• Feeling comfortable with closeness while valuing alone time
• Can communicate directly when feeling upset
• Cooperative & flexible
When we feel secure or safe (aka a secure attachment style), we lean more into being open and vulnerable. With this type of attachment style, there is a balance of asking for what we need alongside maintaining our independence.
And what do attachment styles have to do with diabetes?
Attachment styles very much impact how we operate in relationships. Diabetes includes so much receiving care that sometimes it helps to understand HOW we receive that love and care.
Thinking about attachment styles can help us understand how we tolerate relational misunderstandings, miscommunications, and fears as they relate to diabetes.
• Do you ever feel like a partner will abandon you if they feel like your diabetes is “too much?”
• Does it bother you when a partner does not respond how you want or expect them to respond when you talk about the emotional toll of diabetes?
• Are you fearful that your partner doesn’t love you if they don’t help you order supplies or pick up prescriptions?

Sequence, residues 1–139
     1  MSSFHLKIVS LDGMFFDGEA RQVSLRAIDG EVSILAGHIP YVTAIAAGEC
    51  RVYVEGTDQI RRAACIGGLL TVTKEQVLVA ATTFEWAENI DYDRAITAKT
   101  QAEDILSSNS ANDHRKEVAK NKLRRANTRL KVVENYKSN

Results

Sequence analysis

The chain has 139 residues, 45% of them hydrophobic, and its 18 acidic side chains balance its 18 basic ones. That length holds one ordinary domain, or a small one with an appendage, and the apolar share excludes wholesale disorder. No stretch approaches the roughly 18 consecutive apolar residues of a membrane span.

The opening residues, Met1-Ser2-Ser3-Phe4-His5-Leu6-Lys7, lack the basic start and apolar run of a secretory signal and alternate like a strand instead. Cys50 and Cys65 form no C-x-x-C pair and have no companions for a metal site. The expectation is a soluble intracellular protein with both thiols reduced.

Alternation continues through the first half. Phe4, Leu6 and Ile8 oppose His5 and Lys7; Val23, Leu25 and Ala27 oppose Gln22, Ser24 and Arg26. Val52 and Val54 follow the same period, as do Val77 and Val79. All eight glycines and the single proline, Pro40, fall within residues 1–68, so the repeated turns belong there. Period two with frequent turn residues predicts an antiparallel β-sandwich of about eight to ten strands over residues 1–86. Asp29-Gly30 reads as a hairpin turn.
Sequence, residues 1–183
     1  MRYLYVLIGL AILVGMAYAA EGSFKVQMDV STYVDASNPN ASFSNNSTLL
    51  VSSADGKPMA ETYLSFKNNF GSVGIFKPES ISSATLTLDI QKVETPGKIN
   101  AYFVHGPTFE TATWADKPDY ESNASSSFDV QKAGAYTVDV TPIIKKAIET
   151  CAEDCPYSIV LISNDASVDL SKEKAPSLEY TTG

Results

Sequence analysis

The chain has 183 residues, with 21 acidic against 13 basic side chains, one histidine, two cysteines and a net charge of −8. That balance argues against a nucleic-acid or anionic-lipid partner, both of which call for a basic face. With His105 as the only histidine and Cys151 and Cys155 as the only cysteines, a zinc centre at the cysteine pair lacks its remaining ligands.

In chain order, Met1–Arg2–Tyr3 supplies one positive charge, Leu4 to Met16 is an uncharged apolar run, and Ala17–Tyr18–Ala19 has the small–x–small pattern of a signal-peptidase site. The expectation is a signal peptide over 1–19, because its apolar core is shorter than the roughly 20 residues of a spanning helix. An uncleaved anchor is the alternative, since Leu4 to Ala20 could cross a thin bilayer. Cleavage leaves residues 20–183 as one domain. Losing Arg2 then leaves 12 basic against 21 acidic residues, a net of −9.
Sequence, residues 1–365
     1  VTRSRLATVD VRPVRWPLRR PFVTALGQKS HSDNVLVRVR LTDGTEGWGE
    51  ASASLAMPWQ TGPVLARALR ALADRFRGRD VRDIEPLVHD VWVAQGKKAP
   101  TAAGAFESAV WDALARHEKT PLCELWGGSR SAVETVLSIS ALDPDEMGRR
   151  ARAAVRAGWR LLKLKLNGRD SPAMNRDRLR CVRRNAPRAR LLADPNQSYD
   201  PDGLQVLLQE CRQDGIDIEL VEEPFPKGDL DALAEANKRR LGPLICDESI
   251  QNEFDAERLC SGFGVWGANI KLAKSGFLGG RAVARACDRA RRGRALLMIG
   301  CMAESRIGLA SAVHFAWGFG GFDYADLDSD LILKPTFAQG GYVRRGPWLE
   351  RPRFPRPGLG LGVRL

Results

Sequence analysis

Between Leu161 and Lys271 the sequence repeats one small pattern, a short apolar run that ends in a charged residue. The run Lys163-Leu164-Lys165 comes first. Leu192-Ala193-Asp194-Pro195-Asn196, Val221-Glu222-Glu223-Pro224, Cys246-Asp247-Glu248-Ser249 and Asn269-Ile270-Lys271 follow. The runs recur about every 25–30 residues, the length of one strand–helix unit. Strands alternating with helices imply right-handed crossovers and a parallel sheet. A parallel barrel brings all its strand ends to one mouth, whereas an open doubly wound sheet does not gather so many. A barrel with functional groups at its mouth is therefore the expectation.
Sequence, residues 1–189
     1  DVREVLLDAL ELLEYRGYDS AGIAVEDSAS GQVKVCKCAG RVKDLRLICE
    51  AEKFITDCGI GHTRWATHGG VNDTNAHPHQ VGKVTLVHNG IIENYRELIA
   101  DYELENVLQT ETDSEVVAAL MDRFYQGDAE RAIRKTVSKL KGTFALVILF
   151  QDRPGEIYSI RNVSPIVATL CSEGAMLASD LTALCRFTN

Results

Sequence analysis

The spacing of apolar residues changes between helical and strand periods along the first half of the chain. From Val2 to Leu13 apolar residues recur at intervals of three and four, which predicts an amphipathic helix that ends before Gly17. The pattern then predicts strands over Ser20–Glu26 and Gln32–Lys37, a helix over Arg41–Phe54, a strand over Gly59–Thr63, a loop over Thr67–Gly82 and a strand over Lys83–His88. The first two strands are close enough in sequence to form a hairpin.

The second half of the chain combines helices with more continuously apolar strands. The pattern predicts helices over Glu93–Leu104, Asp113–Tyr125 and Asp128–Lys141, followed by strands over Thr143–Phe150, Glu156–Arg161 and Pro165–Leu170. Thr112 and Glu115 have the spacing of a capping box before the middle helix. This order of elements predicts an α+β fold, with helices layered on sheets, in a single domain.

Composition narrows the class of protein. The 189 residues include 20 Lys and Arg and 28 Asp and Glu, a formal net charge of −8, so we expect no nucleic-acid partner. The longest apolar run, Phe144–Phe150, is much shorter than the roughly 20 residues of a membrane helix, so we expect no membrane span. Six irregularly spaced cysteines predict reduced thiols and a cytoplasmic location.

• Do you avoid seeking companionship at all because it is just too much work to have to explain your broken pancreas?
That’s your attachment style talking!
Our attachment styles may impact how much we want our partner to be involved in our diabetes, how we communicate what types of help we do OR don’t want, or even how we emotionally respond when our partner attempts to provide support in their own way. Identifying what style(s) we formed early on aid us in figuring out why we feel anxious or stressed in times of relationship conflict. Attachment styles may shape the type of desire we have for our partners to take care of us, especially when it comes to diabetes.
How to incorporate the science of attachment styles into practice
(While this is not a comprehensive list, here are some tips now that you have are beginning to reflect on attachment styles, relationships, and diabetes):